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Which is easier to travel with: a canister or white-gas stove?

My son is headed to New Zealand for the spring semester. Things sure have changed since I went to college! He will have some time to backpack, and he’s not sure if a canister or white-gas stove will be easier to travel with and refuel. We have been eying the Vargo Jet-ti. What do you think? Mike Front Royal, Virginia


Indeed, things have changed since you and I were in college. That whole Internet thing, for instance. Think that will last?

Vargo Jet-ti Stove

Jet-ti Stove

Anyway, sounds like a great trip. I’d absolutely recommend a canister stove. Butane/propane canisters are available just about world-wide, particularly in a place with a lot of backpacking such as New Zealand. So there won’t be any issue there. Plus a canister stove should be easier to get through airport checking; sometimes white gas stoves get flagged. Even at that, check with your airline first to make sure there will not be a problem. I’ve heard stories from travelers who have had their clean stoves confiscated.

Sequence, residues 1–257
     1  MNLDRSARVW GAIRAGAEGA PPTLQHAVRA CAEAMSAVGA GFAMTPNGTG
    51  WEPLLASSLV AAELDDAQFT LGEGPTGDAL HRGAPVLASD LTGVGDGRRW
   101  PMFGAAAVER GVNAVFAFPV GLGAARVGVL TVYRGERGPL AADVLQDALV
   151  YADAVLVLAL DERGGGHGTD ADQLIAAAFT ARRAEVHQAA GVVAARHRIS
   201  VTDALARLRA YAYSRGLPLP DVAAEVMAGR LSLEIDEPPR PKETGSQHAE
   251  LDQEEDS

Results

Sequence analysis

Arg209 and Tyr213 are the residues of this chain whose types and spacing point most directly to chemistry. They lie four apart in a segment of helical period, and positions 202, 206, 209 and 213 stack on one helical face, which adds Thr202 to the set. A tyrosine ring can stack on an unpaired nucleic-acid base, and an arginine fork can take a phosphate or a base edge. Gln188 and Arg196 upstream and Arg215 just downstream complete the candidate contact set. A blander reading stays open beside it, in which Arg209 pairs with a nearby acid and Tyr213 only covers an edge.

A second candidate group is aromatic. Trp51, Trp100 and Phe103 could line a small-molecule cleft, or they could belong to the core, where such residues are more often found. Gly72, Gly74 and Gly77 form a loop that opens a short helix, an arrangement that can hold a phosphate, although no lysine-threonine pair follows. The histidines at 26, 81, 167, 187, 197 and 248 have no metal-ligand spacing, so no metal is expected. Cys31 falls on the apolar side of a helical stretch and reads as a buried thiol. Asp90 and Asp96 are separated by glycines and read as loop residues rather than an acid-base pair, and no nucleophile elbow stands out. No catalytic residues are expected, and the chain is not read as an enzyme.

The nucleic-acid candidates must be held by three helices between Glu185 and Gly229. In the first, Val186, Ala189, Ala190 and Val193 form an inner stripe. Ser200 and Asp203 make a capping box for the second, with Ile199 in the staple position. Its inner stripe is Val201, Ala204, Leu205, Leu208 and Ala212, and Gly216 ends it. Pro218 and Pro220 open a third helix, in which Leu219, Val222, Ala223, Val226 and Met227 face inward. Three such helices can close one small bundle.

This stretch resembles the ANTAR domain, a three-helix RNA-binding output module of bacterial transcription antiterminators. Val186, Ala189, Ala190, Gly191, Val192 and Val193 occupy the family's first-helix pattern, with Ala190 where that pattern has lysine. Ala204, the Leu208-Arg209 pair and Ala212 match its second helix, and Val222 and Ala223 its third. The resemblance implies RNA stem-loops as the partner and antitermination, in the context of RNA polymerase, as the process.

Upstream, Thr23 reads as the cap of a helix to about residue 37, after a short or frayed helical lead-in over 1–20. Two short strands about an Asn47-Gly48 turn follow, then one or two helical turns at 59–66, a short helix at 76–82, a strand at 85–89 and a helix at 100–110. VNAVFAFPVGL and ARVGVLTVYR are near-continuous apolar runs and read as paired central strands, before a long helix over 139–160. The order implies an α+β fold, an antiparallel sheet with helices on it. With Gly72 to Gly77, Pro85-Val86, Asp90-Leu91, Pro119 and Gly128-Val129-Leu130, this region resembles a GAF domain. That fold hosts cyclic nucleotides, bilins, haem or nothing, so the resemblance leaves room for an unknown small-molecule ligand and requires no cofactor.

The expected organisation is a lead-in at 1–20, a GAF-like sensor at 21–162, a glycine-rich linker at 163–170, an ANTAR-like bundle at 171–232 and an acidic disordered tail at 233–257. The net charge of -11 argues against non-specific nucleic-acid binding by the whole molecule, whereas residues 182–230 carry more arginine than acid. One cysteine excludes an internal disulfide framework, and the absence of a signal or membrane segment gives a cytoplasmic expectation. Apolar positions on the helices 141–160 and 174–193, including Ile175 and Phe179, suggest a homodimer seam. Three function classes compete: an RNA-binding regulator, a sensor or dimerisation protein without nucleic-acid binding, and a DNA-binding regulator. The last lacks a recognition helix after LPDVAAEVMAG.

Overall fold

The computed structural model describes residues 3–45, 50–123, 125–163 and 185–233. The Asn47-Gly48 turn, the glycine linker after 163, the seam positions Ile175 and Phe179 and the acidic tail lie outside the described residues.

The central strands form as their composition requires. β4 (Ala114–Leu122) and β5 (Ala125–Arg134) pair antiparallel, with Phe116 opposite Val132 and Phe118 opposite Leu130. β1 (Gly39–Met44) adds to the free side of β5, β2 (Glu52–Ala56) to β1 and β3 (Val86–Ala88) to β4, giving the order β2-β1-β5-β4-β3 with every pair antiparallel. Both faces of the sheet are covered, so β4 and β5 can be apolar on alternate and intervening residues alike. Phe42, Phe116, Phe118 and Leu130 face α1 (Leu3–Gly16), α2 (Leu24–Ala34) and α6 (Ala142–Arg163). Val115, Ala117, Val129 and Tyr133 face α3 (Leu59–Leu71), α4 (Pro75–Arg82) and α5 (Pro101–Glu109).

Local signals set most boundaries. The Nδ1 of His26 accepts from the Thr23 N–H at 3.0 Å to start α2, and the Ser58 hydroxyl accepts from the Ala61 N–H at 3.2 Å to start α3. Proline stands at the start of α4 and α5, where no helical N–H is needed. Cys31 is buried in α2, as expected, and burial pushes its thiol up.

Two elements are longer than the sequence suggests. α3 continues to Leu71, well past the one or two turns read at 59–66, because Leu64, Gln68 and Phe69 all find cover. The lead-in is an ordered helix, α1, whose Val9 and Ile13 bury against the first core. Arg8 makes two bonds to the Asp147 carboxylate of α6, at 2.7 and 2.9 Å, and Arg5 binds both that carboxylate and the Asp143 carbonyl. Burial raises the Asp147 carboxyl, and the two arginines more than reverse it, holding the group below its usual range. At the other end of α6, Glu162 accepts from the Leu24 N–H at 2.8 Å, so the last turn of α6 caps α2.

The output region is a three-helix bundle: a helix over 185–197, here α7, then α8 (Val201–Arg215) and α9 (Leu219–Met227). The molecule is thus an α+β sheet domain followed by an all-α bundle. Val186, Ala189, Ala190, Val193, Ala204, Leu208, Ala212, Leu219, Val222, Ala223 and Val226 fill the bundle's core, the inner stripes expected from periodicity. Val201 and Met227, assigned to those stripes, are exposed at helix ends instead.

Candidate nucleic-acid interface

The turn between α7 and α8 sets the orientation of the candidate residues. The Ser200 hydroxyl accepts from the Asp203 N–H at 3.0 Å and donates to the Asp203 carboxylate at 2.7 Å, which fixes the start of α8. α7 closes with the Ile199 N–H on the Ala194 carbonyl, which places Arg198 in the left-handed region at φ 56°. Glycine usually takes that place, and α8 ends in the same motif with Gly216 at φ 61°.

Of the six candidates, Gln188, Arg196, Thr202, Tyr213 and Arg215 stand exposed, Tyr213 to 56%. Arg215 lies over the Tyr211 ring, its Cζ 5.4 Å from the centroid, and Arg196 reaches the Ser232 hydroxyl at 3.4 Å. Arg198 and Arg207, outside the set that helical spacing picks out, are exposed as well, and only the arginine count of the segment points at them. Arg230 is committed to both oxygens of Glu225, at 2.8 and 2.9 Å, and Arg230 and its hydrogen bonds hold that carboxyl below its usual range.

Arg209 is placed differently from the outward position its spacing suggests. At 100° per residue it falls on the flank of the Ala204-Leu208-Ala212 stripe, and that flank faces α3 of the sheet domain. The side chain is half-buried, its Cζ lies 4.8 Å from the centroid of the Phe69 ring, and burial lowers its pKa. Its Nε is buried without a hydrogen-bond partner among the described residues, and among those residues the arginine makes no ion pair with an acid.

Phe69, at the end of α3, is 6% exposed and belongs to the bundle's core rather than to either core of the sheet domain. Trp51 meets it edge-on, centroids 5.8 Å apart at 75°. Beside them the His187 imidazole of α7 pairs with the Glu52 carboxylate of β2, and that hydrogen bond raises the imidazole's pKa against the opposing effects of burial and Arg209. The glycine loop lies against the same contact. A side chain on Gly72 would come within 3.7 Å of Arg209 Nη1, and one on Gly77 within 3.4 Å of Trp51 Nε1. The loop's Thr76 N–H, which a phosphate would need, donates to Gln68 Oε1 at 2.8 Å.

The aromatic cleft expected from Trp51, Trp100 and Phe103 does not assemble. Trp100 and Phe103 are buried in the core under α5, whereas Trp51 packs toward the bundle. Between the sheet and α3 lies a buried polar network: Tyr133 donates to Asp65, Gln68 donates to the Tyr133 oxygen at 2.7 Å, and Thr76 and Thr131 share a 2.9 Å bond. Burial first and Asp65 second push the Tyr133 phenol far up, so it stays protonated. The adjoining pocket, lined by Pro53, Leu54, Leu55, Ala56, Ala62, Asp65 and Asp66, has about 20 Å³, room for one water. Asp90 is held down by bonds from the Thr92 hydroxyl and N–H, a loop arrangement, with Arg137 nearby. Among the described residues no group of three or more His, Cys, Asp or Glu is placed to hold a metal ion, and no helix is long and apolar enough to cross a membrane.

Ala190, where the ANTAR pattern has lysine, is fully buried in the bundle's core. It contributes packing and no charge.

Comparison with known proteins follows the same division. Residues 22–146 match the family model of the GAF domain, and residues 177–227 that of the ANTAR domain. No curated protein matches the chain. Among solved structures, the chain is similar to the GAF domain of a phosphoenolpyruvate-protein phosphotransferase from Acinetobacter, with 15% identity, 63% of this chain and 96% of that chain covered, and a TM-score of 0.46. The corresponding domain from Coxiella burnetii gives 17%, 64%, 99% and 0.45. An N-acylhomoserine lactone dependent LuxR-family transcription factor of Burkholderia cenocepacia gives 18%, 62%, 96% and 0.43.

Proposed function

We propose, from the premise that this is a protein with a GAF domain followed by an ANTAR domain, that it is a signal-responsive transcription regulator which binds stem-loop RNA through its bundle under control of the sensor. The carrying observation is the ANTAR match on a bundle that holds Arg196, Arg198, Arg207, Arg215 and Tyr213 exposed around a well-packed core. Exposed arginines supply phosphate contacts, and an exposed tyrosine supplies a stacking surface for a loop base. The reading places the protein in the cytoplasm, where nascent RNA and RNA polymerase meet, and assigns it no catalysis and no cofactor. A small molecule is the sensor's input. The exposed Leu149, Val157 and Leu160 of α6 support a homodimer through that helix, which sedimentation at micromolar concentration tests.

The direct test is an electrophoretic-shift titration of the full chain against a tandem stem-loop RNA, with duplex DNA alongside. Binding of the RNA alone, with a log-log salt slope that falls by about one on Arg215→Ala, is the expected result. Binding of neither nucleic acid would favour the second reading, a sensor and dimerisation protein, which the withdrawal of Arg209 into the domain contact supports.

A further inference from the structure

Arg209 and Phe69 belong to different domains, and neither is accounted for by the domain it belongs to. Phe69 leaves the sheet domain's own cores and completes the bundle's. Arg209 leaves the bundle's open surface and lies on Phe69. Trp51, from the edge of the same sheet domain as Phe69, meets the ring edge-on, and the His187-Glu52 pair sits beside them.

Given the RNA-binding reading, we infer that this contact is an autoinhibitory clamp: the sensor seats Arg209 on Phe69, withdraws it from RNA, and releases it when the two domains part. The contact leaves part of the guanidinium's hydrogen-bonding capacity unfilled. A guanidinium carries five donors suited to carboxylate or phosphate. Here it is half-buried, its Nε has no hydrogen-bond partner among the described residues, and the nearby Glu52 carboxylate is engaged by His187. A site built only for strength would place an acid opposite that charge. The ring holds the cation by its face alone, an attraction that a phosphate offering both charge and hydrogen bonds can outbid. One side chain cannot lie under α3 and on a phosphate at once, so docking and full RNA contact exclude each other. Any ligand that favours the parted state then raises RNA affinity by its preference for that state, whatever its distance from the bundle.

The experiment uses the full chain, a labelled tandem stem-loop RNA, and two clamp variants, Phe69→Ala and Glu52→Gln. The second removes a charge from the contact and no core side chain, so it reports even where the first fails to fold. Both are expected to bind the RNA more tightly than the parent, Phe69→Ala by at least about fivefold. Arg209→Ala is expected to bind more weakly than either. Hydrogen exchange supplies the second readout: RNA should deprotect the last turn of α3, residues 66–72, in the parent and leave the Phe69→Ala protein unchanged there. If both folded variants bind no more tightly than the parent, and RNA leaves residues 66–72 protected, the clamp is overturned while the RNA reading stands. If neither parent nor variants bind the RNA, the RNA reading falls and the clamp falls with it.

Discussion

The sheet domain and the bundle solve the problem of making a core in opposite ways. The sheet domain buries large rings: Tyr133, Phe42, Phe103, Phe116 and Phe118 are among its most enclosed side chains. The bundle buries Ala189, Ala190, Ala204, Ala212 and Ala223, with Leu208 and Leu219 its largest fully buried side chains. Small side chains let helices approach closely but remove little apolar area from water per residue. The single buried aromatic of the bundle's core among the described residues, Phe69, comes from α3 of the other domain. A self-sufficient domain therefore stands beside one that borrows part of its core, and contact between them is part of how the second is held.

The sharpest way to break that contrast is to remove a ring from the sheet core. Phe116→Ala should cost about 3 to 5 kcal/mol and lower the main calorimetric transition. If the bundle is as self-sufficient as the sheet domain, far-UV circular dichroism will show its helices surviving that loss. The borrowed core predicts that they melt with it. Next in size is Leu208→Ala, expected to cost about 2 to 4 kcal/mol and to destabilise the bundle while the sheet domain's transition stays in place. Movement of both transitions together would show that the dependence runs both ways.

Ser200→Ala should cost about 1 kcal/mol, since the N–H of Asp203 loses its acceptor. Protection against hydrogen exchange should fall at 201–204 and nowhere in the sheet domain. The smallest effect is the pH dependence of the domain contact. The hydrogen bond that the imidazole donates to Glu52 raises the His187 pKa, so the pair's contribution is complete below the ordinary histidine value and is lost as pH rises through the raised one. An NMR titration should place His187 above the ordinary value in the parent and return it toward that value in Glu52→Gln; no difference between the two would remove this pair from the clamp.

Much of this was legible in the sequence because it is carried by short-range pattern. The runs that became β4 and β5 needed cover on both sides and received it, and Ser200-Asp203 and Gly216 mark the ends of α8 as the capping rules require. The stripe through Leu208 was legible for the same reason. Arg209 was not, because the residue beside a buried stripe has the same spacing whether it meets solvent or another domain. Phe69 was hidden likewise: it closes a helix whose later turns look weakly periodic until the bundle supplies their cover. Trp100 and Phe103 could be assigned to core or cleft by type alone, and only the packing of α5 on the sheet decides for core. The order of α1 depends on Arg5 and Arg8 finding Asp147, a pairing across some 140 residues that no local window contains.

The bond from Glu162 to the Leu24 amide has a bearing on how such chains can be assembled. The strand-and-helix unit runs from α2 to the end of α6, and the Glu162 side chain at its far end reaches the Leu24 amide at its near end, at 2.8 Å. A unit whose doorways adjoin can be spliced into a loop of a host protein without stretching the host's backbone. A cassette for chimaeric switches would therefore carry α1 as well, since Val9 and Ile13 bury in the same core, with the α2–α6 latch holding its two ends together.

Vargo’s Jet-ti ($65; would be an excellent choice to take. It’s a fairly new, super-light (2.7 oz.) stove that uses a butane/propane canister with a Lindal valve. It’s easy to use and puts out plenty of heat. And its stove supports are sturdier than most other canister-top screw-in stoves. MSR’s SuperFly stove ($60; and Snow Peak’s Giga Power ($50 with piezo lighter; are comparable in use and performance. They are very slightly heavier, though an ounce will hardly make much difference.

Tell your son to send us some photos!

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Filed To: Canister StovesLiquid-Fuel Stoves
Lead Photo: courtesy, Vargo